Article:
Australia, The Manual of the Law of Armed Conflict, Australian Defence Doctrine Publication 06.4, Australian Defence Headquarters, 11 May 2006, § 13.26.
The LOAC Manual (2006) replaces both the Defence Force Manual (1994) and the Commanders’ Guide (1994).
Australia’s Geneva Conventions Act (1957), as amended in 2002, provides: “A person who, in Australia or elsewhere, commits a grave breach … of [the 1977 Additional Protocol I] is guilty of an indictable offence.” 
Australia, Geneva Conventions Act, 1957, as amended in 2002, Section 7(1).
The grave breaches provisions in this Act were removed in 2002 and incorporated into the Criminal Code Act (1995).
Australia’s Criminal Code Act (1995), as amended to 2007, states with respect to serious war crimes that are committed in the course of an international armed conflict:
268.38 War crimeexcessive incidental death, injury or damage
(1) A person (the perpetrator) commits an offence if:
(a) the perpetrator launches an attack; and
(b) the perpetrator knows that the attack will cause incidental death or injury to civilians; and
(c) the perpetrator knows that the death or injury will be of such an extent as to be excessive in relation to the concrete and direct military advantage anticipated; and
(d) the perpetrator’s conduct takes place in the context of, and is associated with, an international armed conflict.
Penalty: Imprisonment for life.
(2) A person (the perpetrator) commits an offence if:
(a) the perpetrator launches an attack; and
(b) the perpetrator knows that the attack will cause:
(i) damage to civilian objects; or
(ii) widespread, long-term and severe damage to the natural environment; and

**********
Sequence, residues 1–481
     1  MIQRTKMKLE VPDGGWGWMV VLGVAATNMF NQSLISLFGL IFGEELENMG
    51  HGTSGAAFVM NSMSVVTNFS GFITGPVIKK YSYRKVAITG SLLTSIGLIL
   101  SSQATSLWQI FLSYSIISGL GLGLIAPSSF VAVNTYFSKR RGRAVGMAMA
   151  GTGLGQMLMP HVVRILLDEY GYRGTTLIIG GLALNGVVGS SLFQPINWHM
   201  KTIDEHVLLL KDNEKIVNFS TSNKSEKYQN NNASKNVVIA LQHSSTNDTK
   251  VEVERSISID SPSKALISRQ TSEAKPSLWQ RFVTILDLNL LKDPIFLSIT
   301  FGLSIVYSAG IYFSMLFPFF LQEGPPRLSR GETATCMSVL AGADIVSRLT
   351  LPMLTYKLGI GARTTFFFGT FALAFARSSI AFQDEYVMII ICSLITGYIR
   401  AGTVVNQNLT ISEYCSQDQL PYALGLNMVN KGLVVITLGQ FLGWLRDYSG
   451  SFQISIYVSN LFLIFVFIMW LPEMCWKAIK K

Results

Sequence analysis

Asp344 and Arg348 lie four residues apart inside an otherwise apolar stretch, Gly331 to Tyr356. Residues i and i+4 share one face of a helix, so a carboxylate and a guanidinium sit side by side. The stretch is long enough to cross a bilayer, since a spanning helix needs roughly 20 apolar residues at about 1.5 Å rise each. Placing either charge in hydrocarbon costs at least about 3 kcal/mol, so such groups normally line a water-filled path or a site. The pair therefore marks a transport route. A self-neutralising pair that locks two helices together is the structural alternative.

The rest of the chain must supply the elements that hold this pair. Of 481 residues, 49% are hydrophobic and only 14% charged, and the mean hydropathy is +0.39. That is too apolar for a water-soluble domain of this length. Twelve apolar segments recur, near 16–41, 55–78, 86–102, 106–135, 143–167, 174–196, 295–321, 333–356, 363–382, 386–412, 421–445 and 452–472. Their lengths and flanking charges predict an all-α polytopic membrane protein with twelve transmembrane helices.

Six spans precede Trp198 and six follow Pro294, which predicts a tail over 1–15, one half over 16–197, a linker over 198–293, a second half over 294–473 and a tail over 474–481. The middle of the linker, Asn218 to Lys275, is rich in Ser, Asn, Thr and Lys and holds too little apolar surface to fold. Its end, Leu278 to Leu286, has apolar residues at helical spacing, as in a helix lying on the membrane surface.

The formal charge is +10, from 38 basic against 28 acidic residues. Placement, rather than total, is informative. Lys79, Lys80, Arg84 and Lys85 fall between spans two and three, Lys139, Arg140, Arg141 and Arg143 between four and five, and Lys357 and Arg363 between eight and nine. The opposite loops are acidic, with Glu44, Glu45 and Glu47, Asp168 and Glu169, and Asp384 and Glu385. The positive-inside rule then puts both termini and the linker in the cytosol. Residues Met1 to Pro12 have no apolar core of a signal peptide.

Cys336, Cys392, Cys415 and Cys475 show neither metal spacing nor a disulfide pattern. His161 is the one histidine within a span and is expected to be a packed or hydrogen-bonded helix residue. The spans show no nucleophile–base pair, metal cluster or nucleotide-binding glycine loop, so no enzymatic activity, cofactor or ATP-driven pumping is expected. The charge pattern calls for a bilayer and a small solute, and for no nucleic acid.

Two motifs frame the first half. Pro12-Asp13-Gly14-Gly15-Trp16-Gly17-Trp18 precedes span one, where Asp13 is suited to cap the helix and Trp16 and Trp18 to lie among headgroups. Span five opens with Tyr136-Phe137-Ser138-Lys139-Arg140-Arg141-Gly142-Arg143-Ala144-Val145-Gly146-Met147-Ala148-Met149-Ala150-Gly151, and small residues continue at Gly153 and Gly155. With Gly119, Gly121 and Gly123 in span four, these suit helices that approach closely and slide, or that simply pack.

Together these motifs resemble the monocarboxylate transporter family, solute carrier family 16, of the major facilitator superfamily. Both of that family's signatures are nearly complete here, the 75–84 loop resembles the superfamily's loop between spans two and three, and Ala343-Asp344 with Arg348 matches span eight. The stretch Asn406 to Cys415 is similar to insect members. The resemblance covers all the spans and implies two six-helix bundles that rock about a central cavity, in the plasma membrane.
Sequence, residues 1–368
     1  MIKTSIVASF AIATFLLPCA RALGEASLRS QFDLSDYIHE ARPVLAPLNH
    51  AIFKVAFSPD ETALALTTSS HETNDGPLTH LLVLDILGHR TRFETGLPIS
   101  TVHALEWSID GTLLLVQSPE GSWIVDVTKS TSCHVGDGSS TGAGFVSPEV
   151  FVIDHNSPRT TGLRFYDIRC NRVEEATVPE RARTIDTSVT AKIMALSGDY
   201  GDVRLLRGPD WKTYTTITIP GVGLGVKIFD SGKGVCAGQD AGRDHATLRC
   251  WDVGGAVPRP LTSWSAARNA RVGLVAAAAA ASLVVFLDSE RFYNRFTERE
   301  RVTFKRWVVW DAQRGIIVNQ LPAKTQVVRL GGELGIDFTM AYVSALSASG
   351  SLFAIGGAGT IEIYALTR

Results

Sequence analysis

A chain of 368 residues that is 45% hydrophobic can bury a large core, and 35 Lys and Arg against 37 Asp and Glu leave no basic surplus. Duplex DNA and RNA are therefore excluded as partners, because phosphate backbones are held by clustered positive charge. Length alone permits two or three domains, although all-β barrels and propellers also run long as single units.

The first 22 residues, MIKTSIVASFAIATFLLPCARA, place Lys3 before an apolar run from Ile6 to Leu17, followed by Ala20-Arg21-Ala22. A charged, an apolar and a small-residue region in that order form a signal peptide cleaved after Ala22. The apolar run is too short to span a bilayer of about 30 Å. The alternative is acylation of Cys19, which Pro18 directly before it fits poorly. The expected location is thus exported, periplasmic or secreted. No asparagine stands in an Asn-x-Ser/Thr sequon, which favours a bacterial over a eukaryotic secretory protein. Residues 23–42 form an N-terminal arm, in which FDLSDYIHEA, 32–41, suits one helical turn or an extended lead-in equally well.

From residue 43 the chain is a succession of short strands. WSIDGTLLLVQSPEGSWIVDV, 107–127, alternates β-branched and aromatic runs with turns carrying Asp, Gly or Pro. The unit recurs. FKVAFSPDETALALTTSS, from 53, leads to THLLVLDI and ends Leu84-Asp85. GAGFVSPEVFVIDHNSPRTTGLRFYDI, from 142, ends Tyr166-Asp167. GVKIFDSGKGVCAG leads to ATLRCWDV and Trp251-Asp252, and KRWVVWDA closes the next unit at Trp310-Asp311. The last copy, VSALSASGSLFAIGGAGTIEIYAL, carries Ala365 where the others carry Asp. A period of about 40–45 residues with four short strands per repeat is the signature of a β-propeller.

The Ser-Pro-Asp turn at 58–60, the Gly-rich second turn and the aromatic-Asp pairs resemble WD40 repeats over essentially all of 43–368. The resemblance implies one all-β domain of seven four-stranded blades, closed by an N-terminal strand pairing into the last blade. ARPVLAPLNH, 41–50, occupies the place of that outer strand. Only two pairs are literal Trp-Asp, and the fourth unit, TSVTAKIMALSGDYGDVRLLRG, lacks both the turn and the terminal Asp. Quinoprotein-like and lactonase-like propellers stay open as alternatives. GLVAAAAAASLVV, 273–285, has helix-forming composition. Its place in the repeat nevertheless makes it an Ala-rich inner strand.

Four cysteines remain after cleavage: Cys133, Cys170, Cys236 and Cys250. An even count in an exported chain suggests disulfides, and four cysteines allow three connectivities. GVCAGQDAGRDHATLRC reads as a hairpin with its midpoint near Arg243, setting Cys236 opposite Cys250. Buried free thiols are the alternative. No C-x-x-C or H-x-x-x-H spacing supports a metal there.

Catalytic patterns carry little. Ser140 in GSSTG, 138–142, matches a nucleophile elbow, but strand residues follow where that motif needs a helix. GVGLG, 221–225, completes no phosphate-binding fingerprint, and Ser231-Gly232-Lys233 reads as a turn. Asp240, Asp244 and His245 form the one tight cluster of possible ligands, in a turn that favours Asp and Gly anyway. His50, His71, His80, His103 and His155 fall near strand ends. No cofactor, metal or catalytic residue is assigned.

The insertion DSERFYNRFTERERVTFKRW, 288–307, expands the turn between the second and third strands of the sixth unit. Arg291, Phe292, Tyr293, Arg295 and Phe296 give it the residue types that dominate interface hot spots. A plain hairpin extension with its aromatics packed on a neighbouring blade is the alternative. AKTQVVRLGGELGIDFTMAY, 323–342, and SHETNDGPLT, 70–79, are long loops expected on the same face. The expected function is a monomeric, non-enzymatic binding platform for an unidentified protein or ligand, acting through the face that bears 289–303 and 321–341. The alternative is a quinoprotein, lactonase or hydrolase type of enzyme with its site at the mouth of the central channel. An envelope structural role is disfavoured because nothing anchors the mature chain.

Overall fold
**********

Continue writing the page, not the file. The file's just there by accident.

(c) the perpetrator knows that the damage will be of such an extent as to be excessive in relation to the concrete and direct military advantage anticipated; and
(d) the perpetrator’s conduct takes place in the context of, and is associated with, an international armed conflict.
Penalty for a contravention of this subsection: Imprisonment for 20 years. 
Australia, Criminal Code Act, 1995, as amended to 2007, Chapter 8, § 268.38, pp. 327–328.
Australia’s ICC (Consequential Amendments) Act (2002) incorporates in the Criminal Code the war crimes defined in the 1998 ICC Statute, including launching an attack which causes “excessive incidental death, injury or damage” in international armed conflicts. 
Australia, ICC (Consequential Amendments) Act, 2002, Schedule 1, § 268.38.
During the Second Reading Speech of the Geneva Conventions Amendment Bill 1990 in the House of Representatives, the purpose of which was to amend the Geneva Conventions Act of 1957 so as to enable Australia to ratify the 1977 Additional Protocol I, Australia’s Attorney-General stated:
Additionally, the protocols do not require no civilian casualties. That is not in the game at all. The protocols do not say that in any clause. The protocols require the military leadership to assess whether or not civilian losses would be in proportion to the military objectives to be achieved by the attack in question. We all know that it is not always easy to get the right balance in these areas – that is accepted – but I think that it is just about being obtained here. It is certainly being done as well as it can be. 
Australia, House of Representatives, Attorney-General, Geneva Conventions Amendment Bill 1990: Second Reading Speech, Hansard, 12 February 1991.
In a press release issued in 1991, an Australian Senator asserted that Article 51(5)(b) of the 1977 Additional Protocol I would bar Australian ships from providing “naval gunfire support” (NGS) to an amphibian landing in Kuwait and from engaging batteries located in a heavily populated port. According to the Senator, it would prove very difficult for an Australian naval commander to determine whether a shore bombardment would or would not injure civilians or damage civilian property to an extent that would be excessive in relation to the direct military advantage. 
Australia, Media Release by the Shadow Minister for Defence, Protocol One: A Problem for Naval Operations in the Gulf, 20 February 1991.